With a history that is more industrial than inspirational, a few eyebrows were raised when Hull won the bid to become the UK’s city of culture for 2017. While unlikely, it is now true, and the jewel of East Riding is boasting further transformation as it settles in to its new role as the cultural pioneer for the continent. Why not? After all, cultures change, attitudes change. People’s behaviour, no matter what you tell them to do, will ultimately decide outcomes. Or, as Peter Drucker put it, Culture eats Strategy for breakfast.
But there remains an open question about whether implementing DevOps is really a culture shift in IT, or whether it’s more of a strategic direction. Or, indeed, whether it’s a bit of both. I took a look at some recent industry commentary to try to unravel whether a pot of DevOps culture would indeed munch away on a strategic breakfast.
A mainstream culture?
Recently, I reported that Gartner predicted about 45% of the enterprise IT world were on a DevOps trajectory. 2017 could be, statistically at least, the year when DevOps goes mainstream. That’s upheaval for a lot of organizations.
We’ve spoken before about the cultural aspects of DevOps transformation: in a recent blog I outlined three fundamental tenets of embracing the necessary cultural tectonic shift required for larger IT organizations to embrace DevOps:
- Stakeholder Management
Agree the “end game” of superior new services and customer satisfaction with key sponsors, and outline that DevOps is a vehicle to achieve that. Articulated in today’s digital age it is imperative that the IT team (the supplier) seeks to engage more frequently with their users.
- Working around Internal Barriers
Hierarchies are hard to break down, and a more nimble approach is often to establish cross-functional teams to take on specific projects that are valuable to the business, but relatively finite in scope, such that the benefits of working in a team-oriented approach become self-evident quickly. Add to this the use of internal DevOps champions to espouse and explain the overall approach.
- Being Smart with Technology
There are a variety of technical solutions available to improving development, testing and efficiency of collaboration for mainframe teams. Hitherto deal-breaking delays and bottlenecks caused by older procedures and even older tooling can be removed simply by being smart about what goes into the DevOps tool-chain. Take a look at David Lawrence’s excellent review of the new Micro Focus technology to support better configuration and delivery management of mainframe applications.
In a recent blog, John Gentry talked about the “Culture Shift” foundational to a successful DevOps adoption. The SHARE EXECUForum 2016 show held a round-table discussion specifically about the cultural changes required for DevOps. Culture clearly matters. However, these and Drucker’s pronouncements notwithstanding, culture is only half the story.
The strategic benefit of DevOps is critical. CIO.com recently talked about how DevOps can help “redefine IT strategy”. After all, why spend all that time on cultural upheaval without a clear view of the resultant value?
In another recent article, the key benefits of DevOps adoption were outlined as
- Fostering Genuine Collaboration inside and outside IT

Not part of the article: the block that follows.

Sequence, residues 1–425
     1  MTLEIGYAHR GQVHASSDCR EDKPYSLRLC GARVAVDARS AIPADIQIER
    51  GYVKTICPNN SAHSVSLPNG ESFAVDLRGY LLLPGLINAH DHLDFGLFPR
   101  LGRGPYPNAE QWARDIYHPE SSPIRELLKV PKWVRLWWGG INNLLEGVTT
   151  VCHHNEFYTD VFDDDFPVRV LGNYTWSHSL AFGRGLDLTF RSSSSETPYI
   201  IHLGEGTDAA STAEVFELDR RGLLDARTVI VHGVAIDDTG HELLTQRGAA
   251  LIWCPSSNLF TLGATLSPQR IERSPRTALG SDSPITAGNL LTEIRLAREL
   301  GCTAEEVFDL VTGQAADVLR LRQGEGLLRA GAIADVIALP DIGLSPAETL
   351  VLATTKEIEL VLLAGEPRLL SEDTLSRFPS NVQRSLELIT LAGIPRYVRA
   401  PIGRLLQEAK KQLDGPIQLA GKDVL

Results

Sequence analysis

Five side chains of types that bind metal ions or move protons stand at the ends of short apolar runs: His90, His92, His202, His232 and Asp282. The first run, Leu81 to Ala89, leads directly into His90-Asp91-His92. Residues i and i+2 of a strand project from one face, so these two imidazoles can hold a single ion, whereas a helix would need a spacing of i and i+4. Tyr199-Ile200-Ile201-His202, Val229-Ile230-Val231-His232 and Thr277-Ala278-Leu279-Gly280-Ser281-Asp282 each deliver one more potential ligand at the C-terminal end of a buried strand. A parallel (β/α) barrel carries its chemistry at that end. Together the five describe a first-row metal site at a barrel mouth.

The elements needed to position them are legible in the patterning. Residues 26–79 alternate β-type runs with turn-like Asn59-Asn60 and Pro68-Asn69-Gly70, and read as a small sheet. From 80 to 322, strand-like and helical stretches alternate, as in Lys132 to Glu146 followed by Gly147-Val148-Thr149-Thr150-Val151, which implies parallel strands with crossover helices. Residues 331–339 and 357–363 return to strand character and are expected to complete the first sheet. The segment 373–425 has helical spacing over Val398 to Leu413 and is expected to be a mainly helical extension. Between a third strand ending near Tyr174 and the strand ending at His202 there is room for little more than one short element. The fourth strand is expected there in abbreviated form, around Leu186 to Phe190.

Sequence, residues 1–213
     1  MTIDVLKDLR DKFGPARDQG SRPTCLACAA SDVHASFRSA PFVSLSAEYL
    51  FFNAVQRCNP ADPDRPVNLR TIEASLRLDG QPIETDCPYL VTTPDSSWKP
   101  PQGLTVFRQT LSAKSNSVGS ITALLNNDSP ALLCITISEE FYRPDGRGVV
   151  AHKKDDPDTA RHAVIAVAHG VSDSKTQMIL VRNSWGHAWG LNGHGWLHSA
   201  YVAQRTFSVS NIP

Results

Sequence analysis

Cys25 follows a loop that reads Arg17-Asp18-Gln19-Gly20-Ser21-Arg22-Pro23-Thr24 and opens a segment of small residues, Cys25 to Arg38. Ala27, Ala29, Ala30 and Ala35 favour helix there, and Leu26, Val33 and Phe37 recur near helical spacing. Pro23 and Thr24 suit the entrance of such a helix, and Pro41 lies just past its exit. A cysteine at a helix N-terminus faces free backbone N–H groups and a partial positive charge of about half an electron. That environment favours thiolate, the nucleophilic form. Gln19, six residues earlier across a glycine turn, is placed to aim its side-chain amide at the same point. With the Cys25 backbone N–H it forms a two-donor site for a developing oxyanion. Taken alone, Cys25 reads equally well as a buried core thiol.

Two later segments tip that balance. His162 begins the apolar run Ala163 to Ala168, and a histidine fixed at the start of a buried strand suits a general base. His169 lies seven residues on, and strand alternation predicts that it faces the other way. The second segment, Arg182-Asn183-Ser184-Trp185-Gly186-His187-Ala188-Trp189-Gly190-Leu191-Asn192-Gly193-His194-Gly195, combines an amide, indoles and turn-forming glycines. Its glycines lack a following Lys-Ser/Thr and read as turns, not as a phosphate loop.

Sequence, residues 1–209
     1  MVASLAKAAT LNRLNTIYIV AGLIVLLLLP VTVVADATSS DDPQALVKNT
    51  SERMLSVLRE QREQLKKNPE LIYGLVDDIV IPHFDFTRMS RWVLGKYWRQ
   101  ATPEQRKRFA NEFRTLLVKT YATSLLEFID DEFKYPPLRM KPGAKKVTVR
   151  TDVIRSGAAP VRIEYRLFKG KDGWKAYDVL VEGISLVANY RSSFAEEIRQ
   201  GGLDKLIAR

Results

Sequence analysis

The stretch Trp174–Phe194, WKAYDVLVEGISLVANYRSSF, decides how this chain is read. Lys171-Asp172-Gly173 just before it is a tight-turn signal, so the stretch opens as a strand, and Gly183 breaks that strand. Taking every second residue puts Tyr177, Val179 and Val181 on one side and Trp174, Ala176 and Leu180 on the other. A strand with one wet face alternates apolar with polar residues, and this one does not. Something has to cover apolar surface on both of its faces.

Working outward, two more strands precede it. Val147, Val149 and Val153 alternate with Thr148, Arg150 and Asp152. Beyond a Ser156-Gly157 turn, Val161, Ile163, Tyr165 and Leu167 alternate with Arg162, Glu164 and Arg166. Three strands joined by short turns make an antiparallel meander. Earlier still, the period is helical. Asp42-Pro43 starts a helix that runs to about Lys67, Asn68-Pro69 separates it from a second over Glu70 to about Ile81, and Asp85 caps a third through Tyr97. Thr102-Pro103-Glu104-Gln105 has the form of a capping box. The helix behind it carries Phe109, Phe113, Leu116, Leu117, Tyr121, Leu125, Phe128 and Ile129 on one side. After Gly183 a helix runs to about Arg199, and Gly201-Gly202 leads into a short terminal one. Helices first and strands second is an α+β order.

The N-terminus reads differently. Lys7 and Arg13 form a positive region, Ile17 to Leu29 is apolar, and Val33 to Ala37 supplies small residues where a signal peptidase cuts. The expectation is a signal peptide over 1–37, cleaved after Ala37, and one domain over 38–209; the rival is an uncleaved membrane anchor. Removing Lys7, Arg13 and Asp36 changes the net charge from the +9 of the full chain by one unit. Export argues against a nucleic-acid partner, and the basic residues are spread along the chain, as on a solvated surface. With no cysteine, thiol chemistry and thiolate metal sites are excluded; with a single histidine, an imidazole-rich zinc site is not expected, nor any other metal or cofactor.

- Establishing End-to-End automation
- Delivering Faster
- Establishing closer ties with the user
Elsewhere, an overtly positive piece by Automic gave no fewer than 10 good reasons to embrace DevOps, including fostering agility, saving costs, turning failure into continuous improvement, removing silos, find issues more quickly and building a more collaborative environment.
How such goals become measurable metrics isn’t made clear by the authors, but the fact remains that most commentators see significant strategic value in DevOps. Little wonder that this year’s session agenda at SHARE includes a track called DevOps in the Enterprise, while the events calendar for 2017 looks just as busy again with DevOps shows.
Make It Real
So far that’s a lot of talk and not a lot of specific detail. Changing organizational culture is so nebulous as to be almost indefinable – shifting IT culture toward a DevOps oriented approach covers a multitude of factors in terms of behaviour, structure, teamwork, communication and technology it’s worthy of studies in its own right. Strategically, transforming IT to be a DevOps shop requires significant changes in flexibility, efficiency and collaboration between teams, as well as an inevitable refresh in the underlying tool chain, as it is often referred.
To truly succeed at DevOps, one has to look and the specific requirements and desired outcomes: being able to work out specifically, tangibly and measurably what is needed, and how it can be achieved, is critical. Without this you have a lot of change and little clarity on whether it does any good.
Micro Focus’ recent white paper “From Theory to Reality” (download here) discusses the joint issues of cultural and operational change as enterprise-scale IT shops look to gain benefits from adopting a DevOps model. It cites three real customer situations where each has tackled a specific situation in its own way, and the results of doing so.
Each organization’s DevOps journey will be different, and must meet specific internal needs. Why not join Micro Focus at the upcoming SHARE, DevDay or #MFSummit2017 shows to hear for how major IT organizations are transforming how they deliver value through DevOps, with the help of Micro Focus technology.
If you want to build an IT service citadel of the future, it had better be on something concrete. Talk to Micro Focus to find out how.